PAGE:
The Ultimate Guide to Buying The Perfect Dog Run (+ Infographic)

A dog run is the perfect solution for mutts who might be mild or mischievous.

They're economical, safe and they keep your pet happy and healthy when they're not under your watchful eye.

This complete guide will take you through everything you need to know about buying a dog run.



What is a dog run?

A dog run is a fenced off space in your garden or on your property where your dog(s) can play and get some exercise. Generally, they are larger than a kennel – it's like your dog having his or her own little garden. Dog runs keep your dog safe and confined, offering a great temporary solution if you need the pooch out of the way for a bit.


Infographic: Buying a Dog Run

Here's a summary of the key aspects you're going to learn in this guide in the form of an infographic.

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6 Benefits of a Dog Run

Here are some of the many ways a dog run could benefit you and your dog:

1. Keeping your pooch out of the way

Although you'd probably love to have your best friend by your side as often as possible. Unfortunately, there are times when he or she needs to be confined. Let's say you're having some construction or landscaping work done at your home. You can't have your dog running around amongst the rubble and hazards. It's just not safe.

2. Convenience

Sometimes convenience factors in too. If you're having a party or barbecue for instance, then you might want to keep your furry pal out of the way. Some people, and children especially, aren't comfortable being around dogs they don't know. Kids might even be a little scared, no matter how lovely you know your pet is. So popping your pooch in the dog run for the duration of the party might be a good idea.

3. They're spacious

Dog runs are sizeable. Although your dog is confined, he or she isn't locked away in a little crate. The whole point of a dog run is that your dog still has space to hop around and play to their heart's content. We'll delve into the specifics of getting the size right for your dog run later.

4. They're out in the fresh air

Another nice thing about a dog run is that your dog can be outdoors in the fresh air. As you're probably well aware, canines can't be cooped up inside a building all day, it's not in their nature. With a dog run they get to enjoy the stimuli of the outside world. During the summer months, it's especially important for your dog to be outside, feeling the cool breeze.

5. They're made to suit your dog

You can make a dog run that suits your furry friend perfectly. There's enough space in the dog run to put all manner of amenities. If you're concerned about his or her happiness then you can pop some things that they find comforting in there, such as their favourite toy or dog bed. You can even make it a fun place for them to be by adding a mini obstacle course for example.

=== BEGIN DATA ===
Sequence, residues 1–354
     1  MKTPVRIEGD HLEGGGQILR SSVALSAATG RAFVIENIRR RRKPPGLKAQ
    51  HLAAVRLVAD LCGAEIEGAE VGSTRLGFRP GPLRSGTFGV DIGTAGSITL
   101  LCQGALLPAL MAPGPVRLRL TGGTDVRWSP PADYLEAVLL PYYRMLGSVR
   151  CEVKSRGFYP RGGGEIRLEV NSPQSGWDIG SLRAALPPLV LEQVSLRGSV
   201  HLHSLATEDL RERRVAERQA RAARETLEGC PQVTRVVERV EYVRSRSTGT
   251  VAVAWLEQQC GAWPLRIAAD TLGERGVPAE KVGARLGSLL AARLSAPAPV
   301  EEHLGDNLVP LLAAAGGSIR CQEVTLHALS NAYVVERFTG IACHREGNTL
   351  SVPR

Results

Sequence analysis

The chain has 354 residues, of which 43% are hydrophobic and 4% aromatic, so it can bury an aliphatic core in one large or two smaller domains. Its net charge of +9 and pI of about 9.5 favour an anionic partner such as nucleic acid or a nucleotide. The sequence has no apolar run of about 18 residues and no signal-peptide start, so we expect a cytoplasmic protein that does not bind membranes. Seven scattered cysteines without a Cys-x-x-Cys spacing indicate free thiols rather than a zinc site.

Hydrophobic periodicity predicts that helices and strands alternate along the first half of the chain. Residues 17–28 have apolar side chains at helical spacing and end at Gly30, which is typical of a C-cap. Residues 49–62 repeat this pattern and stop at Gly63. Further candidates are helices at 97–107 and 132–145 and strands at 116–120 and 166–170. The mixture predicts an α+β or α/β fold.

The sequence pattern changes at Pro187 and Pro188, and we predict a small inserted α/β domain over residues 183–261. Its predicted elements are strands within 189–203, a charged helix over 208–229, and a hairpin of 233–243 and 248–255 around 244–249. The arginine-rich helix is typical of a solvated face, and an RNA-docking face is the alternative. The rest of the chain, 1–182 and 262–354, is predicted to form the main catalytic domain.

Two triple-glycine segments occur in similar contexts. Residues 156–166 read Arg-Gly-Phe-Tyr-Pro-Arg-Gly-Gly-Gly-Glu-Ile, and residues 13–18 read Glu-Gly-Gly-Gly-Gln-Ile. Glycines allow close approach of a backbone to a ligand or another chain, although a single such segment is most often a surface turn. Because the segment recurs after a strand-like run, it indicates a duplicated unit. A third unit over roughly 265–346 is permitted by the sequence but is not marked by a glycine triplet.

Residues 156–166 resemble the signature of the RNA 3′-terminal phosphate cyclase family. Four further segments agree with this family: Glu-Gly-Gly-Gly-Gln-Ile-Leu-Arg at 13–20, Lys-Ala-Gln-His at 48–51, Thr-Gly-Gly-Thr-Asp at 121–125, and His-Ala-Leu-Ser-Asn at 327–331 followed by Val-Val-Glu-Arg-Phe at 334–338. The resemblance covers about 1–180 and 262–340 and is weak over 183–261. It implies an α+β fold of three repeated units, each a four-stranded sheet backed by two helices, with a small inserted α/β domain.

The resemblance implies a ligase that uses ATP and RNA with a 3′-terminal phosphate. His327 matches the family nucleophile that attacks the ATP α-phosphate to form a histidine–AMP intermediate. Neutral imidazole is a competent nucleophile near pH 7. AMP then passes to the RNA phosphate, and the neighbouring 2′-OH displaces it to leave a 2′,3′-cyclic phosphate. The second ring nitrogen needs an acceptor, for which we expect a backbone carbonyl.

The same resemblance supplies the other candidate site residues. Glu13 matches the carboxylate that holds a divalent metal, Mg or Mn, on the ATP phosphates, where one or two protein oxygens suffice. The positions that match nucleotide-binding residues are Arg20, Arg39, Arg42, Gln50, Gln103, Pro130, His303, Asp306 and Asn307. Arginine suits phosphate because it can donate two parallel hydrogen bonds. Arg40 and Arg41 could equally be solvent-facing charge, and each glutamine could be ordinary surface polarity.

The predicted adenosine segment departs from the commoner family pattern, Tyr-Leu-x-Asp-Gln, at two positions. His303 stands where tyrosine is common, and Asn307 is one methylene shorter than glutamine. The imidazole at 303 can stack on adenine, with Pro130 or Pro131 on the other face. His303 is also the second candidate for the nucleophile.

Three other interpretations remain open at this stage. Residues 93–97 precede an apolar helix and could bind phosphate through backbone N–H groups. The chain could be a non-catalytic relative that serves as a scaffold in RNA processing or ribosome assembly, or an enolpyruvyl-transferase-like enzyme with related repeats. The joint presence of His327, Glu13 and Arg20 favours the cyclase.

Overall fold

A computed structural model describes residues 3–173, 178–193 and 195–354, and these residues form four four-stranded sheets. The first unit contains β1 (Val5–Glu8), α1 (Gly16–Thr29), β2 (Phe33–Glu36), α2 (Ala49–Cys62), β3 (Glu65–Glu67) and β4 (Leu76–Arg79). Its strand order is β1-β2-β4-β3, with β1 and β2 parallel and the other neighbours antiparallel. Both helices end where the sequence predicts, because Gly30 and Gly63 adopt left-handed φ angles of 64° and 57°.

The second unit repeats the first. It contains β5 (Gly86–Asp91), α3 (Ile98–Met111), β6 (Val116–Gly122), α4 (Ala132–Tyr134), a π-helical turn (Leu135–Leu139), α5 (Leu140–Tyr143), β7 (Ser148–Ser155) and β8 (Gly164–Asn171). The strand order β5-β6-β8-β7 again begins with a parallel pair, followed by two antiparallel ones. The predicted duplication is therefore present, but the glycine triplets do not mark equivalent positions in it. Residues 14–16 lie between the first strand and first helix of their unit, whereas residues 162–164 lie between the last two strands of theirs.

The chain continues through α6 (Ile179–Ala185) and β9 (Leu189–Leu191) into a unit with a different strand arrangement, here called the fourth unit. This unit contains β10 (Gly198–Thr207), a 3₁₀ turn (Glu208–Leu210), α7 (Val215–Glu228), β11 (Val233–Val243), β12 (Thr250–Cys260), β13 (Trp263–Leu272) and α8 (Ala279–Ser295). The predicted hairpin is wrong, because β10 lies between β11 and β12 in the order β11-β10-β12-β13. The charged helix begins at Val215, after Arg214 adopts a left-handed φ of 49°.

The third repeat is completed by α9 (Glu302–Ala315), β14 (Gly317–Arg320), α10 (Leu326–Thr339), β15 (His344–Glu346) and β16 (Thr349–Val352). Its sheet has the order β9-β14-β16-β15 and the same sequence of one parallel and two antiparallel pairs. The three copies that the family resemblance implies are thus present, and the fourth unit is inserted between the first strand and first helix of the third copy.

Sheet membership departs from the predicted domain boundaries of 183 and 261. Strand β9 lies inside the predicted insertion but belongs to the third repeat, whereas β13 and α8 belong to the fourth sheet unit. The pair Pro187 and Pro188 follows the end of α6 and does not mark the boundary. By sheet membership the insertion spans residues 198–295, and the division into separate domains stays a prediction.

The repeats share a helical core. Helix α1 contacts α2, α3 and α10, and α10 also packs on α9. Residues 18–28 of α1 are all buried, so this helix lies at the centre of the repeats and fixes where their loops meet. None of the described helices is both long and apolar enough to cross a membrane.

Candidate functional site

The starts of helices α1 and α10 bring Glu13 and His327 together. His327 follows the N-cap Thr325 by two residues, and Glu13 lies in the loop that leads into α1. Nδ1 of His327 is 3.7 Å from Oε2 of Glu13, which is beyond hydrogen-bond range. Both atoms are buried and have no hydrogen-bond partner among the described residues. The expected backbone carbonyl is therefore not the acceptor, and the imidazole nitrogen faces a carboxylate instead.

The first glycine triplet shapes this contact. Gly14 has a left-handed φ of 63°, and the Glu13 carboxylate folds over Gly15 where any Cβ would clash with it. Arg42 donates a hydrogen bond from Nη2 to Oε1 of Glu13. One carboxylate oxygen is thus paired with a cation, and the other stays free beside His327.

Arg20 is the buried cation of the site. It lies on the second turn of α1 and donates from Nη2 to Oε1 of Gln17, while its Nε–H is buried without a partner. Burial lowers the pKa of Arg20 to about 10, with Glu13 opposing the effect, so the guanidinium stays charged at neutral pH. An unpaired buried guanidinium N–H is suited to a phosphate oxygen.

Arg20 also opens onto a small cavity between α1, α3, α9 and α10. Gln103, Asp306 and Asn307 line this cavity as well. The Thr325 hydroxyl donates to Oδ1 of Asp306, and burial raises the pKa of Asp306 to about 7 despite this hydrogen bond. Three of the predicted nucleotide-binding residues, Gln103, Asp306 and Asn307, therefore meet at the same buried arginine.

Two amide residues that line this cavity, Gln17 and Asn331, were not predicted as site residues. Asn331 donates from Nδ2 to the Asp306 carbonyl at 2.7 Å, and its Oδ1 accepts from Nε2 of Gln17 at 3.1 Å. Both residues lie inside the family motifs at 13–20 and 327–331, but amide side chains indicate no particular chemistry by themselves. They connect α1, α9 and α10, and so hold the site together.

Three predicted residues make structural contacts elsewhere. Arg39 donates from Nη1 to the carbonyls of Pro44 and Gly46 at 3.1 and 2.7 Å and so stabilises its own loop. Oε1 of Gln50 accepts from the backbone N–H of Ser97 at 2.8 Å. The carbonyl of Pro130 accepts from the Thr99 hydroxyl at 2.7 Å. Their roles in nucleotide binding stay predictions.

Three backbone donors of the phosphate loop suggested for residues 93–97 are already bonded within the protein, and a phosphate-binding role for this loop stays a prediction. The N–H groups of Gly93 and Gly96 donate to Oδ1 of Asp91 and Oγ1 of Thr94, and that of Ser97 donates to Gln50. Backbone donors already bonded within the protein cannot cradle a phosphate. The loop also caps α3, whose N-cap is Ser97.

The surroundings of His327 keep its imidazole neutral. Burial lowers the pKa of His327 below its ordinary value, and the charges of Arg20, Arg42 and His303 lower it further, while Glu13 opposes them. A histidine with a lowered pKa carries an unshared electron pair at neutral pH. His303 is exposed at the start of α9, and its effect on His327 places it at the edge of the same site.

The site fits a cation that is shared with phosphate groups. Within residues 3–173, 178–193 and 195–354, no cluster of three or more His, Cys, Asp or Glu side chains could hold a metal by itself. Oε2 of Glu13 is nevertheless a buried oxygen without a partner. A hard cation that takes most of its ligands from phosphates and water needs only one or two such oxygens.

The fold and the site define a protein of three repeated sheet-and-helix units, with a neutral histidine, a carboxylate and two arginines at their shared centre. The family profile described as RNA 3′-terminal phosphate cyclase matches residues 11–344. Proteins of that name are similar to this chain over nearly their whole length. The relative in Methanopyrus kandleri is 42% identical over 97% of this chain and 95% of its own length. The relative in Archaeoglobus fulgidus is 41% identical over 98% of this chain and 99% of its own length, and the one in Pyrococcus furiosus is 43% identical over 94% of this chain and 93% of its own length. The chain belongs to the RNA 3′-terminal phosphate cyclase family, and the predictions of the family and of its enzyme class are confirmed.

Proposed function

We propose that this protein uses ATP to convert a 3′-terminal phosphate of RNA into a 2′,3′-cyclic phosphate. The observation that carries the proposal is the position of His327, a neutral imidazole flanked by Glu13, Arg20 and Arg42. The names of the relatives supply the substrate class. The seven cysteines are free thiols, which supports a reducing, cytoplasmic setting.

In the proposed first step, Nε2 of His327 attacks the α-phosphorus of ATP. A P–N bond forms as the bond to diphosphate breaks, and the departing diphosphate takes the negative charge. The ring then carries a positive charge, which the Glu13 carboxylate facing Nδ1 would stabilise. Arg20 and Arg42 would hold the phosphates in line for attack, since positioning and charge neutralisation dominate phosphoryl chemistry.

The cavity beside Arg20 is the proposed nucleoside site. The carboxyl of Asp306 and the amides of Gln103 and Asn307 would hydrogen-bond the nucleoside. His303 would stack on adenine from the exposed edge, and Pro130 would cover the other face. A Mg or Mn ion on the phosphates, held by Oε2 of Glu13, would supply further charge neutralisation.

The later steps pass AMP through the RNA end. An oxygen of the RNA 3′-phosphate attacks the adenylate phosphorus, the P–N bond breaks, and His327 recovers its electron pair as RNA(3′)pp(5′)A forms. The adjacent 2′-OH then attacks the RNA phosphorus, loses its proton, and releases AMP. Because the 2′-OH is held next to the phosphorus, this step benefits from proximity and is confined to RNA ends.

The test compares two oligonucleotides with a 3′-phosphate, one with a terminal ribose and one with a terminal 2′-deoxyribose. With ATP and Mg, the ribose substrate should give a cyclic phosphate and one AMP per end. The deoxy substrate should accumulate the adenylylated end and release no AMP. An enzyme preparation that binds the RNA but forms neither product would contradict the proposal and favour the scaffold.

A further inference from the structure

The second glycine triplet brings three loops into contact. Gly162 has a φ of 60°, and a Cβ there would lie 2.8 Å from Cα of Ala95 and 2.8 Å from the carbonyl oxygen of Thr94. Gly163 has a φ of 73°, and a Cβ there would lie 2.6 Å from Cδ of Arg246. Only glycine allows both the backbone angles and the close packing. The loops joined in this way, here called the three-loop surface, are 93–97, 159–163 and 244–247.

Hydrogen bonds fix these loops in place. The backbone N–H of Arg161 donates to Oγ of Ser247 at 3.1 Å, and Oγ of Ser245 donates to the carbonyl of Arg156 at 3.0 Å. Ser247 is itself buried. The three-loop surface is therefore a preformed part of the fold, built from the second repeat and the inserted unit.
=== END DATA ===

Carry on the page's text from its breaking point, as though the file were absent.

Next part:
6. Safety

It keeps your dog safe if you have to leave them in the garden unsupervised. Lots of dogs have mischievous personalities that we love. But this also means that when you're not watching them, they can get up to all sorts of hijinks like digging under your fence or eating things they find in the garden that might make them poorly. With a dog run however, you know that they're in a safe space.


Why buy a bespoke dog run?

Building your own dog run could be beneficial. You don't have to build it from scratch necessarily but buy a kit or dog run panels which you can assemble in your garden. Or have the experts install a bespoke design for you. The great thing about doing it this way is that you create a tailor-made dog run according to your dog's needs and the size and shape of your garden.

There are some things you need to take into consideration when installing a dog run, like the size and strength of your dog. A ready-made dog run might not be up to scratch for your pet. Plus, if your garden is longer than it is wide, then perhaps a pre-made, square-shaped dog run won't suit your garden.

This could be the more economical option, too. Let's face it, we would all rather save money if we could.


What to Consider When Buying a Dog Run

Here are the key elements to consider:

Size

The first important element to consider when building a dog run is the size of your dog. You don't want your dog to be uncomfortable in a dog run that's too small, obviously.

The average dog run needs to be 3 feet by 10 feet, and 6 feet high.

Those are the minimum requirements. If you want your dog run to be bigger, go all out. And if your dog weighs more than 100 lbs, they're perhaps a golden retriever or Alsatian for example, you'll need to increase the width of the dog run by 1 foot.

Climate

Ultimately you want Fido to be happy, healthy and safe, making climate an important factor you need to consider when designing a dog run. It absolutely needs a roof, to protect your dog from cold, rainy weather and shade them from the sun. You might also want to put a dog house inside of the run as well, in case your dog wants to get warm and cosy inside.

Your dog's needs

You need to take your dog's specific needs into account. Some breeds need more exercise than others for instance, so you may want to give a dog that needs to run around more space to do so. Another vital need for any dog is socialisation. A dog run isn't a permanent home for your dog. They need to be taken out, exercised and introduced to other dogs and people as well.

Location

When considering the location of your dog run, you have to choose an area of your garden or property that you don't use often. In other words, you don't want to choose an area where you like to sunbathe or where the kids like to play etc. because you'll be giving that area to your dog. At the same time, you can't choose a location that's tucked away or too far out because you want to be able to check on your dog easily.